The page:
It takes a virtuoso performance like that of Giannis Antetokounmpo to win an NBA championship. That is true.
His 50 points, 50 years after the Milwaukee Bucks last won the NBA Championship, were the result of a tone he set. He’s also grabbed 14 rebounds, blocked five shots and, as a 68% free throw shooter this season, has scored 17 of 19 free throws.
But for every great performance in the Finals – whether it’s Michael Jordan, Shaquille O’Neal, Tim Duncan, or LeBron James – you need role players to step up. These include Steve Kerr, Robert Horry, Ray Allen, and many more. As great actors before them, Bobby Portis, Pat Connaughton, PJ Tucker and Brook Lopez followed Antetokounmpo’s lead.
The best players, the Big Three – whatever you want to call them – always have to play their averages to win. If one is slightly below, another should step up.
Khris Middleton didn’t quite hit his scoring average in Game 6 of the NBA Finals, but he did put in some huge shots when the Milwaukee Bucks needed a clutch basket. Jrue Holiday struggled to find the back of the net at times, but he almost managed a triple double, finding 11 teammates to score, grabbing nine rebounds and stealing the ball four times.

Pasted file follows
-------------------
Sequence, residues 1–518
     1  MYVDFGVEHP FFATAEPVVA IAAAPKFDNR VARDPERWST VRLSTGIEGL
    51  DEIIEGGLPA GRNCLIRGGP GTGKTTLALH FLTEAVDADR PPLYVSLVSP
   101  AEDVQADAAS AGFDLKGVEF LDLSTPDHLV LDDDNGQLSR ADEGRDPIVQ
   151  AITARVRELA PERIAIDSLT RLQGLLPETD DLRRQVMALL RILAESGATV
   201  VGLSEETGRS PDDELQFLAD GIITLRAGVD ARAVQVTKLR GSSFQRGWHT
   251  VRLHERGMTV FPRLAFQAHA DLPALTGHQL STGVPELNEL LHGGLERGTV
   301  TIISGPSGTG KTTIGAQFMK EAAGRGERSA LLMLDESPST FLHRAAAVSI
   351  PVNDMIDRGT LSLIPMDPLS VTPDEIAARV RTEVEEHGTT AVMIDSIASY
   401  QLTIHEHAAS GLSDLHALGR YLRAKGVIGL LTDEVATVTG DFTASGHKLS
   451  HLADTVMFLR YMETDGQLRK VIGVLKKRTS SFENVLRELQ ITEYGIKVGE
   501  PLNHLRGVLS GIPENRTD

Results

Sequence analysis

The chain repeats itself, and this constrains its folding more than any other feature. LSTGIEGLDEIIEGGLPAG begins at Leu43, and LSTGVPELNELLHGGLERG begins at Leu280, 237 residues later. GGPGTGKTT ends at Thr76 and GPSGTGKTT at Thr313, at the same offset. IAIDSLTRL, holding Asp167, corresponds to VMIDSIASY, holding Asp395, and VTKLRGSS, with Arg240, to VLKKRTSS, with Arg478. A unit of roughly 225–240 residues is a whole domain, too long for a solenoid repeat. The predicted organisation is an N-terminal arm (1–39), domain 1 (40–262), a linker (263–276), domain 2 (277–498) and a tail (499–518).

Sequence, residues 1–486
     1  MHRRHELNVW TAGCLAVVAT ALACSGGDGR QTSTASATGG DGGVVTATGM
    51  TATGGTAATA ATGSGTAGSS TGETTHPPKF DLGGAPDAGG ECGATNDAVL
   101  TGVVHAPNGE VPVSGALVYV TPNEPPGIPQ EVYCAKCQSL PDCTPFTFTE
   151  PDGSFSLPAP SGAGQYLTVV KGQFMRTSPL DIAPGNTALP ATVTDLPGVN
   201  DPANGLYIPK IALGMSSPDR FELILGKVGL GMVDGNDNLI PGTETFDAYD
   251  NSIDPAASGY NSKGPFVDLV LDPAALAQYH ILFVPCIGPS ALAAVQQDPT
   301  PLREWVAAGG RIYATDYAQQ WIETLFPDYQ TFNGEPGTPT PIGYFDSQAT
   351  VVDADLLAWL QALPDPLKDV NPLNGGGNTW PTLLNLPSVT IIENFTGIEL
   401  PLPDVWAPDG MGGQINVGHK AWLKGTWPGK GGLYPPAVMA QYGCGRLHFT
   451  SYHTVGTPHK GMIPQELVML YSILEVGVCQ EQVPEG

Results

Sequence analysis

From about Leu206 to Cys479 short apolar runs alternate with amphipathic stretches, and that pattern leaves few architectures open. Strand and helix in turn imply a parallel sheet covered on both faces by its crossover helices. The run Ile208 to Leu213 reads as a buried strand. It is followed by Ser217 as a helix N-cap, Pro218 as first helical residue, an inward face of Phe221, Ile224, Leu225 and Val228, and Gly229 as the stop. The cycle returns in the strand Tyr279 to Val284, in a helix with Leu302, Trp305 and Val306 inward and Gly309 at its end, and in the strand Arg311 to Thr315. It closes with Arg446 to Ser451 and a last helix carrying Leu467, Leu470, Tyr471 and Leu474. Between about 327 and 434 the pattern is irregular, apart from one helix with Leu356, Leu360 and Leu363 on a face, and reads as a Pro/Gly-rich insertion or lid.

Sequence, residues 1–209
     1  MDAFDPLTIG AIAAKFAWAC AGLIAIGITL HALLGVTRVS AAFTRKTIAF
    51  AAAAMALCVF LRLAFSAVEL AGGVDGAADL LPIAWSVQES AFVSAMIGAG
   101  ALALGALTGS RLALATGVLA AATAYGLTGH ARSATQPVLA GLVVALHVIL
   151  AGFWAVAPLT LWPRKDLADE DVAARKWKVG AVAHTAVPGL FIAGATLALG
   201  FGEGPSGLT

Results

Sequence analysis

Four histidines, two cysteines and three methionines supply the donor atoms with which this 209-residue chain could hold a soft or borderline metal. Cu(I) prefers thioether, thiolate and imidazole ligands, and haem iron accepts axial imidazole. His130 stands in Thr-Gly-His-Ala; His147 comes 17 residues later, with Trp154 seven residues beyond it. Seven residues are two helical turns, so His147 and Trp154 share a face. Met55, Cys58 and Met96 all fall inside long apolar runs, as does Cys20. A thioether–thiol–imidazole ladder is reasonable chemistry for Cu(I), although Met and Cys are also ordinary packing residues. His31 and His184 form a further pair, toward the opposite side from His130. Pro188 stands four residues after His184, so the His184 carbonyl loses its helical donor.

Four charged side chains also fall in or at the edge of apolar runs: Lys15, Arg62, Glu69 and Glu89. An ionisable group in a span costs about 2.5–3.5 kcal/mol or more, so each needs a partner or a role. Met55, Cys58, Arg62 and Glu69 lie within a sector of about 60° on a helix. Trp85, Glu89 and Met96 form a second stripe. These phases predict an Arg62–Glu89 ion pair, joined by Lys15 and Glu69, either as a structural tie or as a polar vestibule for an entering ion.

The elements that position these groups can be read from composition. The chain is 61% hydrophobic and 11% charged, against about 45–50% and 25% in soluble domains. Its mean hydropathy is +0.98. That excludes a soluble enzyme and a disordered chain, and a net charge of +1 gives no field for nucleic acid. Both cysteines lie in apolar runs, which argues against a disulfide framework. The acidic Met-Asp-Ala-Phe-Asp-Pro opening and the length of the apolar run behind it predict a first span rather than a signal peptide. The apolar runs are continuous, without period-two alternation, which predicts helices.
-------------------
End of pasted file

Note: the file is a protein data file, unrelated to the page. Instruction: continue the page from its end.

Antetokounmpo made up for his slight drops in score himself, but each set the tone in their own way.
Home field advantage
Teams play 82 games (72 games in this year’s shortened regular season) to compete for the playoff seeds. The best record makes it easier for you to roll in the playoffs, as a seed faces weaker teams and has the advantage on the field, playing four of their seven games in front of their own home crowd.
The regular season is a long time, but it gives them a chance to develop players outside the front group. They need to know who to trust when the pressure builds in every round of the playoffs.